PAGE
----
The Live Poultry Code was an act of Congress aimed at the poultry business. It dealt with sales of coops of chickens as well as labor issues in the poultry business.
D corporation was a poultry middleman in NYC. They bought their poultry from companies outside of NY, slaughtered the chickens, then sold them to butchers and stores in NYC.
D did not sell chicken in interstate commerce.
SCOTUS held that the Live Poultry Code was unconstitutional.
Were D's actions in interstate commerce under a stream of commerce theory?
How far can the gov't go in regulating intrastate transactions that affect interstate commerce?
D's actions were not in interstate commerce under a stream of commerce theory because the goods had come to rest in the state when D handled them and did not leave the state afterwards.
The gov't can only regulate intrastate transactions that have a direct effect on interstate commerce.
The chicken when handled by D was used in local disposition; the interstate transactions in relation to that poultry had ended.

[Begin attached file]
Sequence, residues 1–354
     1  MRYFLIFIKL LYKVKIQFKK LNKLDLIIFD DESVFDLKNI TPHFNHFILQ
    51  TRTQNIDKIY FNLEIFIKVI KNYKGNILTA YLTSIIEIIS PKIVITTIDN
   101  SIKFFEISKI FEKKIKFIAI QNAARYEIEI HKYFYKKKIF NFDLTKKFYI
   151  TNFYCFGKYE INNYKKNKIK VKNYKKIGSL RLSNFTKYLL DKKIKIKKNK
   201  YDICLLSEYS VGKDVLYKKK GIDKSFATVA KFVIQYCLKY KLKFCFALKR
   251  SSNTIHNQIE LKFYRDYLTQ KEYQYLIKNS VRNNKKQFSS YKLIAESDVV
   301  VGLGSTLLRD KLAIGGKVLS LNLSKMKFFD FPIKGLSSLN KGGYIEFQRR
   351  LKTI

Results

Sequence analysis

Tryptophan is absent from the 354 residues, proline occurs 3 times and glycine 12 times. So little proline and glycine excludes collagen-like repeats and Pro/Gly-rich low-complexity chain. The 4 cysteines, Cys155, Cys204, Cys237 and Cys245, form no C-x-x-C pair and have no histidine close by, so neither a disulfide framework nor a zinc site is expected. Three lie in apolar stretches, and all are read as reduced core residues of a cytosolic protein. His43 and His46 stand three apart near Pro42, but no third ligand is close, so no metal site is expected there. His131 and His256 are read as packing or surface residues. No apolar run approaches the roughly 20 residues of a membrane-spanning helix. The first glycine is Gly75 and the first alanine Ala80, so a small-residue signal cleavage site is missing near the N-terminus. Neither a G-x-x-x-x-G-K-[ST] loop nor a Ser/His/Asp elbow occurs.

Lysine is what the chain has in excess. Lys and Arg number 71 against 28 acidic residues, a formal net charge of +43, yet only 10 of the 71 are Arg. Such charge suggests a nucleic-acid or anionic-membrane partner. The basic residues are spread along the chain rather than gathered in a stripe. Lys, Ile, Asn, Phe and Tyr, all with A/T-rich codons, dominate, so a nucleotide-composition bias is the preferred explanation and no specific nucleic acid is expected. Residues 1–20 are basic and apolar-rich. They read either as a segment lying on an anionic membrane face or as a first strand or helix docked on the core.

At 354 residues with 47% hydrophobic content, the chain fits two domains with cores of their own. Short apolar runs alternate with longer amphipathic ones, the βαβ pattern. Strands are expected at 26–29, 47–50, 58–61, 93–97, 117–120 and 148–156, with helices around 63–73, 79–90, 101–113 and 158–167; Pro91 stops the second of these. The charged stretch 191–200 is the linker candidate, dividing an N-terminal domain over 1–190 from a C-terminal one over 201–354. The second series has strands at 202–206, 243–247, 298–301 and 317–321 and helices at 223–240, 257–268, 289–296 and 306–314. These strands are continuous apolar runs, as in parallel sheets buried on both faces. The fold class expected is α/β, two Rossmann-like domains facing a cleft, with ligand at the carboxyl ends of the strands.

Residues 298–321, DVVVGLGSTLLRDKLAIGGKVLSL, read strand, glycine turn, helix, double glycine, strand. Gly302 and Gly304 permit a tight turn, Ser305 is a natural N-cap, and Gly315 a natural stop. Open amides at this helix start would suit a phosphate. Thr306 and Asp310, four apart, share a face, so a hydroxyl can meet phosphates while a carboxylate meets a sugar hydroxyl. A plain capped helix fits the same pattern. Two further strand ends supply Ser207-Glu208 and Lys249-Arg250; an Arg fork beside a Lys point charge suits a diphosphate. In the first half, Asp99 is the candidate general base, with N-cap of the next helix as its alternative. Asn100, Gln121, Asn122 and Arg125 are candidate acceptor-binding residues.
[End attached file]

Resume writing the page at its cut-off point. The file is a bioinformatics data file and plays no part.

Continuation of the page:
Therefore, there is no merit to the argument that the poultry was in a current or flow of interstate commerce since the flow had ceased when the poultry reached D.
Direct effects of intrastate commerce on interstate commerce are visible in the railroad cases.
When the effect is merely indirect, such transactions remain within the domain of state power.
If the Commerce Clause were construed to reach all enterprises and transactions which could be said to have an indirect on interstate commerce, federal authority would embrace practically all the activities of the people. There would be virtually no limit to federal power.